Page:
review of offshore foundations for wind turbines was funded
by the UK government. The
MIT Offshore Wind Collaborative published several technical
reports on foundations and site layout for download. From
these and other sources, the Company has concluded that fixed, not floating, structures
are the most durable and cost-effective foundations for offshore
wind and wave energy generation. Also, if possible the use
of specialized offshore construction ships must be avoided.
These ships are used to place wind turbines on monopole
foundations. They do not exist in the USA and would have
to be built here at cost of $300M or more. The only
foundations that meet these two requirements - fixed and no
special ships - are
mobile jack-up platforms from the offshore
oil production industry adapted for renewable energy use.
technology is now in use in thousands of
offshore structures and vessels. It is a low-risk, effective
The platforms are designed to withstand Force 5 hurricanes.
The platform can be installed in up to 250
feet of water depth. In comparison, monopole foundations are limited
to about 60 feet of depth. A
is developing a mobile jack-up platform specifically for wind
power generation - review their website for much more
information and excellent pictures.
the monopole foundations used for offshore turbines in the UK
and Europe, this technology does not require the use of a
specially-constructed crane ship to lift the turbine onto the
monopole offshore. Instead, the platform is assembled on
land with the legs raised up. The turbine is placed on the
platform. Then the platform and turbine are moved
onto a semi-submersible barge. The barge is partially flooded so
it creates a massive ballast below water that prevents the
turbine from tipping it over. The images below are used
The barge and
floated out to the site. The legs of the platform are lowered
down to the seabed. The platform then jacks itself up on
the legs until it stands high above the waves. The power from the wind turbine and wave
energy converters is transmitted from the platform to shore by a cable buried
about 3 feet below the seabed and under the beach.
The platform supports a wind
turbine plus wave energy converters of the
Oscillating Water Column type that are integrated into the legs
of the platform. These make power from the air pushed up
and down in the hollow and perforated legs by the passing waves.
The airflow turns an air turbine at the top of the leg. This is
just one way to generate wave power with the platform. Access to the platform is by standard offshore
platform service vessels and transfer systems. The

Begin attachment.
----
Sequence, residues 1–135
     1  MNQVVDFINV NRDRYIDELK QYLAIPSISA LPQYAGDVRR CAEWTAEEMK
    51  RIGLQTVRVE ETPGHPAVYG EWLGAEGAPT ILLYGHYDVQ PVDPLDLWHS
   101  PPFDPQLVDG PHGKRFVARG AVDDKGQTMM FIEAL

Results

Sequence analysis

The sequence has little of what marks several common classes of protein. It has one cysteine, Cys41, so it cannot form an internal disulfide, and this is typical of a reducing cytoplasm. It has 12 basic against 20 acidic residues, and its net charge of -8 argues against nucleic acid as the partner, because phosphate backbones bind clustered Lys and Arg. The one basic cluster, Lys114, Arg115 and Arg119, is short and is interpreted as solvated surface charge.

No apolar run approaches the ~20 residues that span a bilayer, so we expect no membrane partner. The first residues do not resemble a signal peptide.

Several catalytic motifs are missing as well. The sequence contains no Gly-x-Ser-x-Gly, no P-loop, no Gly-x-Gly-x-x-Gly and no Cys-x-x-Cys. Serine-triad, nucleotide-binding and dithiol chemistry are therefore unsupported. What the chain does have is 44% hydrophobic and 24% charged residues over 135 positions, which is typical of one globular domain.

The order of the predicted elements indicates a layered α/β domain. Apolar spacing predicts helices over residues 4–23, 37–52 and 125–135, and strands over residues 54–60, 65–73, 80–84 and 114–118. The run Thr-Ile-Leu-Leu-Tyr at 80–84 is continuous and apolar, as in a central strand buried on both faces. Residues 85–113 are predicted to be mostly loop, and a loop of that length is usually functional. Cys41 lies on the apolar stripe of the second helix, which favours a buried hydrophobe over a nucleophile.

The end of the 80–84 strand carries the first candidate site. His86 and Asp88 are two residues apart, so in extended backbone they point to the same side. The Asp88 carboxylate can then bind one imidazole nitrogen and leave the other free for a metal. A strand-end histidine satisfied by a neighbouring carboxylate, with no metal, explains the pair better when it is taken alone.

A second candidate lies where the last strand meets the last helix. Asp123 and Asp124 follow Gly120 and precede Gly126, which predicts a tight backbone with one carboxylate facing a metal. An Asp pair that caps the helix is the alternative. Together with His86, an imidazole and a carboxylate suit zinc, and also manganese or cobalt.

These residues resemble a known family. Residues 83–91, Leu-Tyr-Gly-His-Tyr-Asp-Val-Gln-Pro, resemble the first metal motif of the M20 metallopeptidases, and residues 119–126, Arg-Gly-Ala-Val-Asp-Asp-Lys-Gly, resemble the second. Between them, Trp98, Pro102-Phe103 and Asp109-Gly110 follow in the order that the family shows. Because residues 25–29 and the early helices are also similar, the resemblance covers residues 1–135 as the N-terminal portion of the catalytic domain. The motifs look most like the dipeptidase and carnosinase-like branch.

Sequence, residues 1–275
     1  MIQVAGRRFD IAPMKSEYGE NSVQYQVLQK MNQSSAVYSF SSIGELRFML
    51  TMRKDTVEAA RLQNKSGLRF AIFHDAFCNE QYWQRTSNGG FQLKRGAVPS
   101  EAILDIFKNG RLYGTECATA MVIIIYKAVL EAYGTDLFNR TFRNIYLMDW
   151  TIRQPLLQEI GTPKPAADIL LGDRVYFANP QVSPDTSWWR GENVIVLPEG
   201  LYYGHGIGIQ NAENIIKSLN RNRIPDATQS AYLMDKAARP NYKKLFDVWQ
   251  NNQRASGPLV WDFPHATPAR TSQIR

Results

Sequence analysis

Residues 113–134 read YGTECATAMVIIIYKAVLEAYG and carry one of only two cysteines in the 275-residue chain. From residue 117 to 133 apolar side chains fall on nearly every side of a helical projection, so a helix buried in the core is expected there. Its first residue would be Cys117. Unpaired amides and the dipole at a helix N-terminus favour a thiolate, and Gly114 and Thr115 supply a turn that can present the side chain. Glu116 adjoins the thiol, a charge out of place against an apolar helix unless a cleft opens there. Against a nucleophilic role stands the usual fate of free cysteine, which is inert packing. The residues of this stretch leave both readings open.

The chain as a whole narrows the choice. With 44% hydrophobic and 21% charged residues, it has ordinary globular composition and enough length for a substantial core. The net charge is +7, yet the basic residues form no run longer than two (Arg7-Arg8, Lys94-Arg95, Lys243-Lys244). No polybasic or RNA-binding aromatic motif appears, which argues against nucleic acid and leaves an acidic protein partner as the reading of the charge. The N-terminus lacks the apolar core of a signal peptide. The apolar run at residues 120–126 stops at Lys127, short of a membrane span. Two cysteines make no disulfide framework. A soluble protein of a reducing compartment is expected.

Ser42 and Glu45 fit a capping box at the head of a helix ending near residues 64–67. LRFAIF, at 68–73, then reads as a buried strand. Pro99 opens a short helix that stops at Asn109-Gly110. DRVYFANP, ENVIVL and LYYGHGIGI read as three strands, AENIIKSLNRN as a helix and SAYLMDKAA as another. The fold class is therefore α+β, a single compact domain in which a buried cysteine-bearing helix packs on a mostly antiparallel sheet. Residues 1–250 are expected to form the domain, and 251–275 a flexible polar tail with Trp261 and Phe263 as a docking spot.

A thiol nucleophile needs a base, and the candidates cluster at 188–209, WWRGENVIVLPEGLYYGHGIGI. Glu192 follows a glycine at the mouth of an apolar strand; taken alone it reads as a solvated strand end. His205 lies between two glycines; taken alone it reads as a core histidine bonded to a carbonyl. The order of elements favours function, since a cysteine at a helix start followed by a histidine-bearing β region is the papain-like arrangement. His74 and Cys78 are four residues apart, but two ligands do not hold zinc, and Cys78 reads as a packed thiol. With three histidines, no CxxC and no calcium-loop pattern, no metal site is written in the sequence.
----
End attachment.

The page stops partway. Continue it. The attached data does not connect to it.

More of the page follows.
platforms can hold helicopter pads and even living and work
Addition of wave power to the
platform significantly improves its power performance.
Wave energy is predictable with 95% confidence up to 48 hours in
advance, and up to 50% confidence 5 days in advance. It is
much more steady than wind. This helps "firm up" the power
generated by the platforms. If the wind drops suddenly the
waves will continue for a while.
Each platform has potential
to make up to 10 MW of clean power. For large-scale power
generation, the platforms would be spaced about one mile apart
in an array, generating 10 MW/sq mile at rated power, and about
4 MW at average power or 40% capacity. 100 platforms
covering 10x10 miles could make 1000 MW of power, enough for a
city of about a 250,000 homes.
Construction of the
platforms in local shipyards and the operations at sea will
create hundreds of "green collar" jobs and stimulate the
waterfront economy in addition to the many other jobs and
benefits from a large project. A 1000 MW offshore wind
project is estimated today to cost about $4 billion to construct.
If the turbines and platforms can be manufactured close to the
site then the local economy benefits even more.
The wind turbine partner
has not yet been selected by the Company. However we have
been in discussions with
Clipper Windpower since early 2008 regarding their
Britannia offshore wind turbine. Here is a good
presentation about large offshore wind turbines. This is the largest
wind turbine under construction today and has potential to
achieve 10 MW rated output. We have already determined
that the Britannia turbine is complementary to the Titan
platform. There are other potential turbine suppliers such
as REPower and Siemens. The
DownVind project is examining the potential for large
deepwater wind farms and supports the largest offshore wind
turbine installed to date, the 5 MW "Beatrice" project wind
Other ocean renewable
energy developers are focused on the energy generation
technology such as wind turbines or wave energy converters.
We are evaluating potential partnering arrangements to provide
the optimal solutions for using those technologies with the
mobile jackup platform.